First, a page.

Guest Post: Localising Fairy Tales

duha safan
Duha Safan, IH Amman

I saw Duha Safan present this at the International House Teachers’ Online Conference a couple of weeks ago. I got in touch with her and she kindly agreed to write this guest post for the blog. Thanks Duha!


It’s really important to help students improve their brainstorming and critical thinking skills in addition to stimulating their imagination and help them express their ideas creatively in writing.

It’s really hard to ask students to be creative and write imaginative stories on their own. Here are some ideas that might help you teach creative writing and storytelling.

The main idea is to give students the chance to transfer a well-known fairy tale to a story they can relate to.

After a short warmer and Lead-in stage where you can ask students about their favourite childhood stories or most common fairy tales in their country, you move to the first stage.

Stage 1 : Cultural awareness

  • To help your students notice the possible cultural differences between their culture and the fairy tale.
  • To have a cultural exchange stage when you have a multi-cultural classroom.

Give your students different pictures that represent different cultural aspects, and let them discuss these pictures in groups. While preparing the pictures, you might want to consider the cultural backgrounds of your students in addition to the fairy tale your using in class.

 

Stage 2 : building the protagonist’s profile.

Give an empty profile worksheet to students so they can start building their profile.

(Name, Picture, characteristics, main elements)

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First, show the student a picture of the original character of the story you’re using in class. Here we’re using Snow White. Ask students to discuss the characteristics of the fairy tale’s protagonist for no more than 2 minutes.

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Then, give your students a set of cards that include the main characteristics and details of the original protagonist.fairytales7

In groups, students have to modify each card so the characteristics would suit the protagonist of their version of the story.

For example: if the protagonist were an Arab, she would have olive skin with long dark brown hair and big dark eyes, she would wear the traditional wear of the country and she might be the daughter of a Mukhtar (town’s mayor).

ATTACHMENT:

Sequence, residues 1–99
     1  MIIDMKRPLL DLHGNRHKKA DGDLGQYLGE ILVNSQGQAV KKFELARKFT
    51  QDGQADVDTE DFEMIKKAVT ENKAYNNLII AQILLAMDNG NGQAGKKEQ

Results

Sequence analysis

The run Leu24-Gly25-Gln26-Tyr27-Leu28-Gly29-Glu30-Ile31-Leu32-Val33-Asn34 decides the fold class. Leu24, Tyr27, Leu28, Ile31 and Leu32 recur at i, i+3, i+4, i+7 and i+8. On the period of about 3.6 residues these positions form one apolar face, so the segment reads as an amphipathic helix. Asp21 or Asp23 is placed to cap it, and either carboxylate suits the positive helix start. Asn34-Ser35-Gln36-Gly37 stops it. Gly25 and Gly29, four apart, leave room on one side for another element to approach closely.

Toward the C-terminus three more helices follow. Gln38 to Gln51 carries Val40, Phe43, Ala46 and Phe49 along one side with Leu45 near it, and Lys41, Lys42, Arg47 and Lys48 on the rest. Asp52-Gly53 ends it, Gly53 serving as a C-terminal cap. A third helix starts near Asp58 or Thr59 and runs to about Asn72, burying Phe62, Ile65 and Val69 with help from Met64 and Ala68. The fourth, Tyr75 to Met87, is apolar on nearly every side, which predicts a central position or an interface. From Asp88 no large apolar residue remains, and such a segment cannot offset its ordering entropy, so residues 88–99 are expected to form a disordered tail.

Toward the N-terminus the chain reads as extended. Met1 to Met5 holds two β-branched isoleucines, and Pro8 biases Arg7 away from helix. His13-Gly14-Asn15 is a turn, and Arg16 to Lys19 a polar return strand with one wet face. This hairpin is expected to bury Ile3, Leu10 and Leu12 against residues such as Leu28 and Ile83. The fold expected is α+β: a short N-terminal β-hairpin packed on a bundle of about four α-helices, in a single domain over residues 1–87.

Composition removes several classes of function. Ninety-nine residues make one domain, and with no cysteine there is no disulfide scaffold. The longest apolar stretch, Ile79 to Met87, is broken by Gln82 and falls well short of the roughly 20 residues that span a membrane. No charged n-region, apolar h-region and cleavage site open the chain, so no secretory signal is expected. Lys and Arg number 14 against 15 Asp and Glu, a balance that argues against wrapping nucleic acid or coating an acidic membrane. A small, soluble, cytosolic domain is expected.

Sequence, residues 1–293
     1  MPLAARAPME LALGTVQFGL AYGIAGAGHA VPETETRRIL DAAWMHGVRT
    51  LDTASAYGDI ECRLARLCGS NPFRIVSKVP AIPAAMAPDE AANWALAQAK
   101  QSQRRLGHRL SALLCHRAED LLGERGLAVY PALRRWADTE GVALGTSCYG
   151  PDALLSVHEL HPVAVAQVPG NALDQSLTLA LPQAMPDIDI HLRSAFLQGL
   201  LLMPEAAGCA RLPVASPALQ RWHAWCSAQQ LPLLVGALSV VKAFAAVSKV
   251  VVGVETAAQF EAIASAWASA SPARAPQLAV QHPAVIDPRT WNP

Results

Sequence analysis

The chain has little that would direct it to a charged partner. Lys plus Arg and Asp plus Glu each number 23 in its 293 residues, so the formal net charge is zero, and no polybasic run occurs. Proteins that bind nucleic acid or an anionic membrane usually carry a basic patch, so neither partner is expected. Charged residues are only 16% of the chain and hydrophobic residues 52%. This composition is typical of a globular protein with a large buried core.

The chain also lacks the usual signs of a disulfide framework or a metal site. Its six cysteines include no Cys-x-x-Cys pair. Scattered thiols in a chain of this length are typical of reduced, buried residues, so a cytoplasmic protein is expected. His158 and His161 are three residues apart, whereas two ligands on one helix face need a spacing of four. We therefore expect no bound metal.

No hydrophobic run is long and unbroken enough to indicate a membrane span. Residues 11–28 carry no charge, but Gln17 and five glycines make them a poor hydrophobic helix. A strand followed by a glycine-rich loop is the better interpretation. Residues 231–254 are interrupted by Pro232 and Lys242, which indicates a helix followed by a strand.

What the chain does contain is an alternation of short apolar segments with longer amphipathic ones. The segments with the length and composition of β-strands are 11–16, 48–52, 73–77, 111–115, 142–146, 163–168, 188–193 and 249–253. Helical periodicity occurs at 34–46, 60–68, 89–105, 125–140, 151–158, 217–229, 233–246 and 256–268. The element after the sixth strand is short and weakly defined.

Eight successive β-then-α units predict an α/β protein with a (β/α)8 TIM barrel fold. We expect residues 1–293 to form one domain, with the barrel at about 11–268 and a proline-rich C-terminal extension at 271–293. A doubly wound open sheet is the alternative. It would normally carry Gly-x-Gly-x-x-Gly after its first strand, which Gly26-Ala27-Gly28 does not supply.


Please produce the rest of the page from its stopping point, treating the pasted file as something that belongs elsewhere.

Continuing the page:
Student should write down all the new characteristics in the profile sheet in short phrases (no need for full sentences).

Second, give a second set of cards to students that contain the key elements of the story, you might need to transform the first element with students so they would understand what they have to do and what style they have to follow.

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Students complete the profile, choose a picture for their protagonist, chooses her an outfit and change her name. (Students can draw or use a celebrity).

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Stage 3 : Language Analysis

Start this stage by giving students cards that include parts of the original story. Students have to place these cards on the triangle diagram (on the board or a big poster).

Once upon a time in midwinter, when the snowflakes were falling like feathers from heaven, a queen sat sewing at her window, “If only I had a child as white as snow, as red as blood, and as black as the wood in this frame.”
One day when the queen asked her mirror: Mirror, mirror, on the wall, Who in this land is fairest of all? It answered: You, my queen, are fair; it is true.  But Snow-White is a thousand times fairer than you. The queen took fright and turned yellow and green with envy.
Then she summoned a huntsman and said to him, “Take Snow-White out into the woods. I never want to see her again. Kill her, and as proof that she is dead bring her lungs and her liver back to me.”
Snow-White longed for the beautiful apple, and when she saw that the peasant woman was eating part of it she could no longer resist, and she stuck her hand out and took the poisoned half. She barely had a bite in her mouth when she fell to the ground dead.
Back at home she asked her mirror: Mirror, mirror, on the wall, who in this land is fairest of all? It finally answered: You, my queen, are fairest of all. Then her envious heart was at rest, as well as an envious heart can be at rest.
The prince said joyfully, “You are with me.” He told her what had happened, and then said, “I love you more than anything else in the world. Come with me to my father’s castle. You shall become my wife.” Snow-White loved him, and she went with him. Their wedding was planned with great majesty.

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After a brief feedback stage, the teacher can highlight the TL most suitable to the class and their level and follow that with a controlled practice.

The teacher can focus on:

  • The narrative tenses
  • Linking words
  • Register
  • Puns and sarcasm

Finally, each group rewrites the cards and change them into their own story. Students can have the freedom to change the plot, register, linking words and narrative tenses depending on their level.

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Extensions:

The teacher can choose to extend this lesson to a full unit where more things can be taught to students, for example:

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The teacher can focus on pronunciation and tackle common pronunciation mistakes in addition to the intonation used when retelling stories. At the end, each group can retell their story in front of the whole class.

Another possible extension is to teach students how to rewrite their stories into a play script and then acted out in a school event or as an end of course project.

 

Duha Safan

International House, Amman

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